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Divorce in the Wake of a Premarital Agreement

May, 2023

After the big proposal, months of planning, and all the joy a wedding can bring for the bride, groom, and their families and friends, a Premarital Agreement is likely the last thing on their minds before the big day.

However, many couples in Indiana are considering Premarital Agreements (also known as prenuptial agreements or “prenups”) for a variety of different reasons.

What is a Premarital Agreement?
A Premarital Agreement is a written agreement deciding in advance what will happen to the couple’s personal property and assets in the case of a dissolution down the road.

Premarital Agreements must be in writing, signed by both parties before the marriage, and will take effect on the date of the wedding. (I.C. § 31-11-3-2 and I.C. § 31-11-3-4). The Premarital Agreement will describe the property and assets held by each party and delineate what should happen to these assets and pieces of property upon dissolution. (I.C. § 31-11-3-3).

To promote fairness to both sides, both parties should seek legal representation to keep their best interests in mind as the Agreement is drafted. The attorneys can help each party talk through potential issues and terms of the Agreement before it is signed.

Why enter into a Premarital Agreement?

Premarital Agreements are no longer used just by the ultra-wealthy. While some high-asset couples will enter into Premarital Agreements to protect their assets and property, more and more couples are entering into Premarital Agreements simply out of convenience and to maintain control over their property and assets without a judge’s involvement.

Without a Premarital Agreement, a couple is placing the future of their property and assets into the hands of a judge who may not understand the couple’s pre-marriage, post-dissolution goals. Signing a Premarital Agreement allows the couple to keep control of their personal assets and allow for a simpler division of property.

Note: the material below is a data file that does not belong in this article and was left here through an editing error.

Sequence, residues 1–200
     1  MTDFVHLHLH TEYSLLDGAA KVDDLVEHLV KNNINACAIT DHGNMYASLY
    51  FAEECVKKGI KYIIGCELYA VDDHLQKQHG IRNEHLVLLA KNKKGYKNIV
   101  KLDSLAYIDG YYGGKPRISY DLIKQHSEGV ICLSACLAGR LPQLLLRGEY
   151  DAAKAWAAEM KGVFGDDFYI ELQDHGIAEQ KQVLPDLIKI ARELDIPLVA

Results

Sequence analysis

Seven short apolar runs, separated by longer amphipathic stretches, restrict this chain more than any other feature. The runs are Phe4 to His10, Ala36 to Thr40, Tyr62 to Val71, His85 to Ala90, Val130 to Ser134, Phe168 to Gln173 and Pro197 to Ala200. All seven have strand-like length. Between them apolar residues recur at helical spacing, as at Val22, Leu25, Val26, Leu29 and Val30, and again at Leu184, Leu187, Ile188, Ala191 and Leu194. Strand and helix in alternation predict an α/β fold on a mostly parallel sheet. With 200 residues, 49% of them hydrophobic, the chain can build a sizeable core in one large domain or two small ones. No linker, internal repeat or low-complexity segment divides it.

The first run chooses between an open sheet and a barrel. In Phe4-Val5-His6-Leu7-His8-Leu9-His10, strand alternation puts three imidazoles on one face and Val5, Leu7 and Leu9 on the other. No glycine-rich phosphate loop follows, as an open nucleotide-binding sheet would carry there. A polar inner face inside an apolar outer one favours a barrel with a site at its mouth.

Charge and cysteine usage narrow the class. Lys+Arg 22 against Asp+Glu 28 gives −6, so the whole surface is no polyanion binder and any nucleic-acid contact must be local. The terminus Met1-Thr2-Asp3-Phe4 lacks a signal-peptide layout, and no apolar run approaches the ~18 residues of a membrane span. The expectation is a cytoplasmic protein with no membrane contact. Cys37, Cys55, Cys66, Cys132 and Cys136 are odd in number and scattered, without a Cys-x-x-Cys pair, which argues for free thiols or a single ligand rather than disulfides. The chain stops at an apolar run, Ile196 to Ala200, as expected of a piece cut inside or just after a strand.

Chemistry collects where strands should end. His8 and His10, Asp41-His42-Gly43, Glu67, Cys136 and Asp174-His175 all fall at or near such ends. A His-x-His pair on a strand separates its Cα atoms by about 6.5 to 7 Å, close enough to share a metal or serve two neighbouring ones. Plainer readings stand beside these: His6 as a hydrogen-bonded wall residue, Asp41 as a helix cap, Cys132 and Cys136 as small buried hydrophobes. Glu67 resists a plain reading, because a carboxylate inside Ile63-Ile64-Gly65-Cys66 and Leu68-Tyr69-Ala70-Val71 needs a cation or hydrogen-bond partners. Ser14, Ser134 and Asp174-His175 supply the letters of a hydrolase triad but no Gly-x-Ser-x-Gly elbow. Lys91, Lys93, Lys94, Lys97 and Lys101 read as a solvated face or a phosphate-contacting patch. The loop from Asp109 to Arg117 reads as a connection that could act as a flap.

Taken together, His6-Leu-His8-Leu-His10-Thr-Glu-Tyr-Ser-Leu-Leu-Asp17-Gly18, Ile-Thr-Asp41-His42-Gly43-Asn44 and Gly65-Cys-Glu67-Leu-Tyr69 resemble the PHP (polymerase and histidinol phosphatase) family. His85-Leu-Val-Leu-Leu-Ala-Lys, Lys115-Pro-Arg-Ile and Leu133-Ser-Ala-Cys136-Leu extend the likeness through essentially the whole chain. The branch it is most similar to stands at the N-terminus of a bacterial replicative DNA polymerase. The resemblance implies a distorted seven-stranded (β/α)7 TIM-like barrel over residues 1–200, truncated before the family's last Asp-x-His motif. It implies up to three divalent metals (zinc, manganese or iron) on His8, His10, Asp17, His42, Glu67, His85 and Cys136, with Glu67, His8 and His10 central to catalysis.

In addition, signing a Premarital Agreement may greatly shorten the time that the lengthy dissolution process can take, which is another reason some couples will prepare and sign a Premarital Agreement.

Unless there is a defect in the Premarital Agreement itself or it is ruled unconscionable, Indiana courts will enforce Premarital Agreements. (I.C. § 31-11-3-8).

Kids and Premarital Agreements (I.C. § 31-11-3-5)

Indiana law will not allow for a Premarital Agreement to pre-decide outcomes on child support or child custody issues. Since custody issues are subject to the Indiana Best Interests of the Child Standard (I.C. § 31-14-13-2), a court will not allow future parents to decide these issues before children are in the picture. Furthermore, child support exclusively belongs to the child herself and not to either parent. Therefore, any child-related issues will have to be decided after dissolution and should not be included in a Premarital Agreement.

We Signed a Premarital Agreement and Have Decided to Seek Dissolution. Now what?

Talk to the lawyer who drafted the Premarital Agreement for you. He or she can likely draft your Petition for Dissolution to comply with the Premarital Agreement and attach the Agreement as an exhibit. And if the lawyer is unavailable, he or she can refer you to someone who can.

The NCS Family Law Team can guide you in this intricate area of law.

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